I was reading an article a few days ago on the plateau of ebook reader sales and the slow retreat back to paper (here), and of course this lead my thoughts back to our own industry – particularly the nonsensical cheque lobbyists. However, does this harking back to a bygone era of paper banking reveal a bad case of Technodazzle in our industry?
Technodazzle is a word first used a few years ago to describe the act of being blinded by the technology and forgetting all the realities that need to happen for it to become part of everyday life. And as regular visitors may recall, I’ve lived through a few cycles of hype during my time in payments – and sometimes when the technodazzle subsides there is something behind it, perhaps not the jewel that the dazzle suggested, but certainly something worth possessing.
Today there’s three (at least) big, bright technodazzles in Europe driving payments spend and fintech focus – mobile nPay solutions; immediate payments; xs2a. And to be honest none of them are the empty boxes that ePurse; SET and facebook credits proposed with, but they’re not 500 carat Cullinan’s either, at least not this time round.
Take mobile nPay solutions for example, and by this I mean all those card-based mobile solutions that end in the word ‘pay’ (applepay; samsungpay; mipay; androidpay; alipay…) which in essence use the EMV tokenisation specifications to represent your card more securely on a mobile device, and then use the EMV contactless specifications to perform a card transaction. Some retailers are panicked that these solutions will ‘suck’ insights out of their retail systems and that Apple will have new understanding of consumers enabling them to sell stuff to their customers, or sell insights to the highest bidder. To be honest, they don’t get anything more out of the Apple Pay transactions than an acquiring bank today – what they do get is all of the other info that passes through your i(insert device here) and adding on to the the type of retailer you just bought from a good guess at what you’ve just bought. The problem is, acquirers have been able to do this for a long time, just didn’t in most cases – which is why upstart acquirers like Square have been able to build a business around retail insights while playing in the banking space. However, Apple Pay requires you to have a 450-1000 EUR device, which many people can’t/won’t have. And so their ability to grow beyond their own technology platform is limited (even if that’s a big limit). Stripped down, Apple Pay is just another contactless card – made special by its brand – and in most European countries so constrained by the business model it is unlikely to launch or gain significant traction. Don’t just take my word for it.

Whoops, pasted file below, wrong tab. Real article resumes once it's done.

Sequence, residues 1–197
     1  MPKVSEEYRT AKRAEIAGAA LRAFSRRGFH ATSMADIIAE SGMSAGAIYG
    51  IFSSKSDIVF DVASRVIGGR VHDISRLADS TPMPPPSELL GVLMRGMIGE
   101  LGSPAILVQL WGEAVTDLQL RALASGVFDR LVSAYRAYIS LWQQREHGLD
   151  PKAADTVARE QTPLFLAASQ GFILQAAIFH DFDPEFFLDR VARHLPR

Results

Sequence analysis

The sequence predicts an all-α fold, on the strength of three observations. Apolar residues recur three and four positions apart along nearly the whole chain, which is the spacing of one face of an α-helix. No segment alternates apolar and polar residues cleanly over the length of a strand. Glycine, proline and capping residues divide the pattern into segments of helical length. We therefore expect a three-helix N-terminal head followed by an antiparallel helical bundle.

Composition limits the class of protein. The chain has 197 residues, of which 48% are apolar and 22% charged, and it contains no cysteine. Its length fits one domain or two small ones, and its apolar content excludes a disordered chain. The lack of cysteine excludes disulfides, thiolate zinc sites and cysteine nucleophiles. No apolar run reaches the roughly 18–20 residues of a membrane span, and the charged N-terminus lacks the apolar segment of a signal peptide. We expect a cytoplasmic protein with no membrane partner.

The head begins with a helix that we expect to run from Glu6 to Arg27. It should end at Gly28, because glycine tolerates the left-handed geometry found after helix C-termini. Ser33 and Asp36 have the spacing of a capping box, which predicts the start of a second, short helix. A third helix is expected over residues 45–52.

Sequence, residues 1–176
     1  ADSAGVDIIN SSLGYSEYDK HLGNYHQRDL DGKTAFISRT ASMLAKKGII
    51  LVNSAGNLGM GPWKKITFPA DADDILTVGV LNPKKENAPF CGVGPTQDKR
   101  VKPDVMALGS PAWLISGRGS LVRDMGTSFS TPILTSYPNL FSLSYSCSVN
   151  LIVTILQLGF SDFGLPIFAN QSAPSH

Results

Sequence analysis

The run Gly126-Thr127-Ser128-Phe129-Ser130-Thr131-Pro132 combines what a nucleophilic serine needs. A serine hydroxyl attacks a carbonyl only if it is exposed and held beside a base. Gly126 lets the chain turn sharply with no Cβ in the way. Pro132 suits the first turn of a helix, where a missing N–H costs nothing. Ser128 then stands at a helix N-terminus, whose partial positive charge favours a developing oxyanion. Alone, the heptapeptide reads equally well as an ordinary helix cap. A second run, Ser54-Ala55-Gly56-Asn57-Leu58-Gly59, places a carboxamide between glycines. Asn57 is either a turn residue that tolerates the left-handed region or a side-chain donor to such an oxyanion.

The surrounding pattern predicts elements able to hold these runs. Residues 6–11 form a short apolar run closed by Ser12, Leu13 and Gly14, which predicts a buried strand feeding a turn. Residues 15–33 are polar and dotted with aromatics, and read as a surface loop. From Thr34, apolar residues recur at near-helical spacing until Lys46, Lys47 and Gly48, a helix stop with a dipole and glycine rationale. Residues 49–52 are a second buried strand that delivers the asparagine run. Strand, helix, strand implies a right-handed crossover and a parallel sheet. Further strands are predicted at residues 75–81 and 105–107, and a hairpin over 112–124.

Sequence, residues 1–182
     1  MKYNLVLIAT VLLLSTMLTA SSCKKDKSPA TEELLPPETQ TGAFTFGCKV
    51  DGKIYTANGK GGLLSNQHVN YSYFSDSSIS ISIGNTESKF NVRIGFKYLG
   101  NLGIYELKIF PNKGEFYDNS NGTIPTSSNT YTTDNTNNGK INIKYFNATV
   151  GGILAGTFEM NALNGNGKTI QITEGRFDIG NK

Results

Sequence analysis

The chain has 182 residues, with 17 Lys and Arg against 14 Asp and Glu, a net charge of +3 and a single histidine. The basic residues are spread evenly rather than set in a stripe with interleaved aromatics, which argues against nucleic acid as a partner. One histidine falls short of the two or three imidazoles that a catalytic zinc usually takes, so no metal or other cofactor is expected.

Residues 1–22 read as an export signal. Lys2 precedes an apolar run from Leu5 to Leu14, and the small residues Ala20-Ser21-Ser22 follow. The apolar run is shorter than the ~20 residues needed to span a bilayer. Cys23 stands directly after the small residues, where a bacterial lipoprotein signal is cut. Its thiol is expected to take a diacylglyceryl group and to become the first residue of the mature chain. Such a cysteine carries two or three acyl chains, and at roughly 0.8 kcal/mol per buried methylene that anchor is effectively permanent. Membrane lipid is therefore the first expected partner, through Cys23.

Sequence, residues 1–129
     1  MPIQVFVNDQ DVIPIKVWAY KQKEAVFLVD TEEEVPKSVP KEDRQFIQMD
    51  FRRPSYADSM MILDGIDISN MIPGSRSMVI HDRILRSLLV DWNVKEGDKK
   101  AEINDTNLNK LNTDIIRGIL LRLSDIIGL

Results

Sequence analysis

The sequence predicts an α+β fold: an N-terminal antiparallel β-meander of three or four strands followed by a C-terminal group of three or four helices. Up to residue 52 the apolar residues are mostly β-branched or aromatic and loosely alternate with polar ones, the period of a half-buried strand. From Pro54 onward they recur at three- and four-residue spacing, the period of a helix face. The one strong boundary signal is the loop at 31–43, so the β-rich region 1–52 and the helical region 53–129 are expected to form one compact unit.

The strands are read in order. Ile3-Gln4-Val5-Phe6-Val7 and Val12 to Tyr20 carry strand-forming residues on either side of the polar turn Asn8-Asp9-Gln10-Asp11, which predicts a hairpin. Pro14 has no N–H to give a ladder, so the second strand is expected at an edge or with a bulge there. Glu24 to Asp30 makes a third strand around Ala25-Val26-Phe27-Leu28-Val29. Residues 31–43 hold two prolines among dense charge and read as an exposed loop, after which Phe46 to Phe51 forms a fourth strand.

“Probably the biggest reason platforms fail is because, no matter what they do, they won’t be able to get a critical mass of participants. Their platform just isn’t creating enough value — solving a big enough market friction — to get any momentum.”
- Karen Webster & David Evans “Why most payment platforms fail“
Of course, if anyone is going to get ‘pay’ working it’s Apple, right? You would probably say the same about Google, but to date they’ve had three goes at it and still haven’t found the diamond, only cubic zirconia so far. While regulatory change is forcing evolution in the market, it’s still a tough space to be – and making the payments pay is no easy task so you’ve either got to write-off the costs, which could be billions, or find some other way to finance them – and that’s where the Technodazzle appears, because after all it’s Apple so they must have something else up their sleeve, mustn’t they?